Tadao Ando’s new museum at Fort Worth both learns from Kahn’s great Kimbell and copes with the scale and nature of contemporary art

Boxing with light: Tadao Ando’s new museum at Fort Worth both learns from Kahn’s great Kimbell and copes with the scale and nature of contemporary art

Roger Morant

Building next to an internationally recognized masterpiece is inevitably a daunting task, but to create a building of similar type to the great work is a challenge that few can rise to. Tadao Ando won the competition for the Fort Worth Modern Art Museum in 1997 (AR February 1998). It is part of the city’s cultural complex, set in a park in a low-density suburb of the city, just across the road from Louis Kahn’s Kimbell Art Museum, one of the greatest gallery buildings of the last century.

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The big site is flat and featureless, so Ando has transformed it by dextrous tree planting (partly to mask the car park), walls against the busiest roads, lawns and a shallow pool, or rather young lake, over which the city’s downtown makes a dramatic skyline. But as Ando remarked when he got the commission, even if the site was dull ‘the Kimbell is a mountain’. Ando’s strategy for organizing the new building is partly based on the Kimbell, with calm parallel gallery spaces, lit as far as possible by daylight and opening on to nature (in the Kahn building exquisitely planted courts, but in the Ando the much larger new park). To some extent, Ando turns his back (or at least west side) on Kahn, with a dull elevation, car park and (at ground level) service spaces. Perhaps it was impossible to address the earlier building directly, and when the planting round the car park grows the juxtaposition of the two will seem more gentle.

For all the similarities, there are very significant differences between the two buildings. Kahn’s galleries are reminiscent of Cistercian vaults in their awesome simplicity. Ando’s exhibition spaces are concrete boxes within glass ones. The heavy inner boxes are the main containers for the artworks, while the glass ones provide intermediate spaces between galleries and the lake and lawns.

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The other major difference between Ando and Kahn is that Ando (for all the size of his site) found it necessary to put his galleries on two levels. One of the reasons for this must surely be the difference in scale between much contemporary work and the paintings in the Kimbell, which contains a fundamentally private collection of works of easel and domestic scale. Fort Worth’s Modern needed larger spaces, some of double height, to accommodate really big pieces. Ando has exploited the possibilities of his two levels of galleries with sudden surprising juxtapositions of volume and scale, but the arrangement means that lower, single-height galleries must inevitably seem slightly second class because they cannot receive daylight. Upstairs galleries are top lit as in the Kimbell, either through diffusing fabric ceilings (such as the one over the stair hall) or from clerestories, which project light onto inclined cornices and then down into the spaces. In both cases, daylight is supplemented by artificial sources, but arrangements seem rather clumsy compared to the apparently effortless combination of concrete vaults and botanically curved metal reflectors of Kahn’s building.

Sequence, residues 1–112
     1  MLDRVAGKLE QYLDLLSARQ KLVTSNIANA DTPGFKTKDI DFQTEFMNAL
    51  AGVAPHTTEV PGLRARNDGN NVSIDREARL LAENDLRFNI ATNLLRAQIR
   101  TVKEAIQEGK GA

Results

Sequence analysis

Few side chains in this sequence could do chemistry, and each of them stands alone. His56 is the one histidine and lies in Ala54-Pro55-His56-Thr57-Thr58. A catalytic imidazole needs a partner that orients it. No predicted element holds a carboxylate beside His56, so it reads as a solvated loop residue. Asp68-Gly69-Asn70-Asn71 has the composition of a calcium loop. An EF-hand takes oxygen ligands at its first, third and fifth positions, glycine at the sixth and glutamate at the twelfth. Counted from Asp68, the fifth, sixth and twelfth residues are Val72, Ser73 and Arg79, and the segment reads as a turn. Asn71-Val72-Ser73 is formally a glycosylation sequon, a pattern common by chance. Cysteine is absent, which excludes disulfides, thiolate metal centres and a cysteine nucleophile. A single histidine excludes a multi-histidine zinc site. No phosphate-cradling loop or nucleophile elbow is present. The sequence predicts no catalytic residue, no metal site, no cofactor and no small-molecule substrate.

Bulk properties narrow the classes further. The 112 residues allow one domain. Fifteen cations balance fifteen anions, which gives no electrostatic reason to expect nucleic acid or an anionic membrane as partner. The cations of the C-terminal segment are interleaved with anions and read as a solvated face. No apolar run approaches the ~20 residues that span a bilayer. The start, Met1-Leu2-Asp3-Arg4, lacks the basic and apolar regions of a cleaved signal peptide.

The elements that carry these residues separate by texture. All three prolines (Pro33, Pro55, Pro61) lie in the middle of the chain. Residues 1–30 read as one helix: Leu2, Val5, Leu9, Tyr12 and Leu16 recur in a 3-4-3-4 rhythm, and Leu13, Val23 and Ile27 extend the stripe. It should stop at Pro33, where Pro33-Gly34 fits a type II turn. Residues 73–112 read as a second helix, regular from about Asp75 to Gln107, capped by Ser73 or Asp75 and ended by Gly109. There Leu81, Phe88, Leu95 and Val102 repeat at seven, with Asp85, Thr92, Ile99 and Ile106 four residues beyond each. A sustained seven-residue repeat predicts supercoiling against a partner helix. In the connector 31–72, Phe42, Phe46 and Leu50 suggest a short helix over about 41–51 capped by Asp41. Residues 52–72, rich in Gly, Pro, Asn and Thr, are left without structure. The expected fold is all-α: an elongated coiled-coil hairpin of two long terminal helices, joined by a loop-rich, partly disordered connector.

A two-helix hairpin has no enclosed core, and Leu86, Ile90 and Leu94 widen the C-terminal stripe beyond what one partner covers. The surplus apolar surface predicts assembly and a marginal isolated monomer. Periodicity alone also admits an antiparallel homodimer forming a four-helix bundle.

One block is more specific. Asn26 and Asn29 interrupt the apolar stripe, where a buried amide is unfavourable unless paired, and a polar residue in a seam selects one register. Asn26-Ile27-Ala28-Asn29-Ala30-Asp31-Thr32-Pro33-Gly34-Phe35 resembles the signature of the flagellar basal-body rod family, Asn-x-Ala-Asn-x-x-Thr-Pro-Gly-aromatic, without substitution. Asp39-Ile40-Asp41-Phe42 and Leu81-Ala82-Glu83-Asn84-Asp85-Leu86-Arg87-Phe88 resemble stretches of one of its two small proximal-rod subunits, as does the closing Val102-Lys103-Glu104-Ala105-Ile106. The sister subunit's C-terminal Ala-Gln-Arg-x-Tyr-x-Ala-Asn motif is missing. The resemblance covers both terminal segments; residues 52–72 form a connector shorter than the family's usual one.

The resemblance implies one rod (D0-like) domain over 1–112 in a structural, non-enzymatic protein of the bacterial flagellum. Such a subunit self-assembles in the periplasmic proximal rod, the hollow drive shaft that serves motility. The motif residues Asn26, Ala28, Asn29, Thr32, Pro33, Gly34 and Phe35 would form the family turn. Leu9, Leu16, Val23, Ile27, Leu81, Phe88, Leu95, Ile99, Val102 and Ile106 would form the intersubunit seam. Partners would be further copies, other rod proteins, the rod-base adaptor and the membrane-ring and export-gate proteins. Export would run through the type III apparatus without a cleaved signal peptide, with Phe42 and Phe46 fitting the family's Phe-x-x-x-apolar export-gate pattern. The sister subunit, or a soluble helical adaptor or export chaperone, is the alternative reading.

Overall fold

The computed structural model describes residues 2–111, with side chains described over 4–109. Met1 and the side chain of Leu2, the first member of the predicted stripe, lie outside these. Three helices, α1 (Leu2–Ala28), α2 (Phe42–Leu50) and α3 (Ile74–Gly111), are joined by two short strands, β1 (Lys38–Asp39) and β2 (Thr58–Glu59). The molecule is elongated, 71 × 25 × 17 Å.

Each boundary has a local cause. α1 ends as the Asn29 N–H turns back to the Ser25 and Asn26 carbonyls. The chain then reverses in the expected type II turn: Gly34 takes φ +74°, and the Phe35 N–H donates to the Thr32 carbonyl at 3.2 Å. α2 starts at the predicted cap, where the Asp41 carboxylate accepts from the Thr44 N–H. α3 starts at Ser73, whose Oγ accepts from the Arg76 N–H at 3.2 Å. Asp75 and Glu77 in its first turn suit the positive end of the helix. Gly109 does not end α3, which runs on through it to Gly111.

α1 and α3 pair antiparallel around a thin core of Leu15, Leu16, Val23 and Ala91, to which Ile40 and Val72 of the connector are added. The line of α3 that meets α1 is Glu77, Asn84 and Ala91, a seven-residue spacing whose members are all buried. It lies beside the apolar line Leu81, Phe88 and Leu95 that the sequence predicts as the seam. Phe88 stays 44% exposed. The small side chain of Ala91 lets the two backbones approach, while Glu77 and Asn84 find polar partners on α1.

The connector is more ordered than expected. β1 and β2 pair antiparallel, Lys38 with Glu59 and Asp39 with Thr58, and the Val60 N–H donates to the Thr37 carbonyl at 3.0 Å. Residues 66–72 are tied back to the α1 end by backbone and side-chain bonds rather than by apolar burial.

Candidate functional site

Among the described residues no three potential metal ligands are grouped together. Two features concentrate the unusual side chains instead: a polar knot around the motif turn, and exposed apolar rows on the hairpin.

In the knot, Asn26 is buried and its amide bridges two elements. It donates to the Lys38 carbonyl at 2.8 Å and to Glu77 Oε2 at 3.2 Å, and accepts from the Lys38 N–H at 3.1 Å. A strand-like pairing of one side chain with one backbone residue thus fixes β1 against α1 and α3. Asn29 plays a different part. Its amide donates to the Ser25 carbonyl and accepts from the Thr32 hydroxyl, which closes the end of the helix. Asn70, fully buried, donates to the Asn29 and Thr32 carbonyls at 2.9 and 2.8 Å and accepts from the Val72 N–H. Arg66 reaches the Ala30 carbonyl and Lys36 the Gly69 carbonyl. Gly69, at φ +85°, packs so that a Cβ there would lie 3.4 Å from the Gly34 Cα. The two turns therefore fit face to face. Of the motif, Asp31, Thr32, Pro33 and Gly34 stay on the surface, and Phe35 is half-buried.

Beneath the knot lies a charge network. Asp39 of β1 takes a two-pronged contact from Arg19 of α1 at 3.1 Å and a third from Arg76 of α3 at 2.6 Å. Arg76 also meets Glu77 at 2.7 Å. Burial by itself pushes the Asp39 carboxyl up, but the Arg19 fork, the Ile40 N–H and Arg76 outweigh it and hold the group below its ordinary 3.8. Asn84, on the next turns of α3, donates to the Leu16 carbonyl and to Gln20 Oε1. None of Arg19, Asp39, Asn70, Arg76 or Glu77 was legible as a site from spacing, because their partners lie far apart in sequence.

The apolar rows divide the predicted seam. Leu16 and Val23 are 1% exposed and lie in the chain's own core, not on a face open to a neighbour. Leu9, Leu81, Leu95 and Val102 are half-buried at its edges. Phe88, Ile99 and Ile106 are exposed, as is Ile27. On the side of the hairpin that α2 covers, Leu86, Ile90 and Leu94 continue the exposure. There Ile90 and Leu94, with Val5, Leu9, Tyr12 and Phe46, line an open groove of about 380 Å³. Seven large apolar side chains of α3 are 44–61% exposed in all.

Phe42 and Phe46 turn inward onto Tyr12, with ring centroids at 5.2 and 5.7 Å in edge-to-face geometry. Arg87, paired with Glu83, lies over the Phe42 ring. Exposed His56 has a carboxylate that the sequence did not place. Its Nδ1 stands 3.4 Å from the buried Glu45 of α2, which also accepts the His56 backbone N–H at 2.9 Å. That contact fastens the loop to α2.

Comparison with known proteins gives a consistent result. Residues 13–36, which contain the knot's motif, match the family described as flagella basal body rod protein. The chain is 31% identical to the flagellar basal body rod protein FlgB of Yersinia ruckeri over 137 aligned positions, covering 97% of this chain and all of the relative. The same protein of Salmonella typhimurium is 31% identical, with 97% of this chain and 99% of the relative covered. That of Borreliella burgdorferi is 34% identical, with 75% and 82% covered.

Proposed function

Routes through the galleries are arranged to encourage wandering, with some openings arranged enfilade, but with occasional departures from axiality. The major public space is the double-height entrance hall which, as you go in, offers fine views over the lake, the semiprivate garden beyond and the glass boxes of the gallery spaces poking out into the water to receive the Hockney-like constantly changing dappled reflections of the water surface. To the right of the entrance is the auditorium and a cafeteria that has a terrace poking out into the lake. To the left is the information desk, from which you are directed to either the entrance of the ground floor galleries, or the stairs, where you are cleverly deflected upwards by the curve of a special ground floor gallery.

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All this is very thoughtful, and the building is pleasant and sometimes exciting to be in, while providing unassertive spaces in the concrete boxes that never overwhelm the works on display in the first hang. But it must inevitably be compared to the Kimbell, both because of its sighting and its parti. Differences are quite profound. While the Kimbell, for all its monumental qualities, is welcoming with a generous embrace, the double height of the Ando building is partly responsible for a much more formal, almost scraped Neo-Classical entrance. The entrance hall itself, for all its fine volume and views (and its dramatic bridge, which leads staff over the volume at first floor level) is both austere and rather daunting. The insistent rhythm of glazing bars dominates perception.

To me, from both inside and out, the bars seem heavy, and the proportions they describe elongated and overstretched. While not advocating planar glazing, I wonder if there couldn’t have been a less strident approach to making the glass walls, which themselves are causing some problems of insolation and glare. The relative coarseness of the glazing contrasts with the really excellent quality of the fairfaced concrete, which rivals Zumthor’s at Bregenz (AR December 1997), most unusual in the US. As in the Austrian building, the soft grey walls are an excellent backdrop to all visual art–surely the most important attribute of any gallery. Undoubtedly, Ando has made a fine museum–but on that site, it is inevitably subject to tough appraisal.

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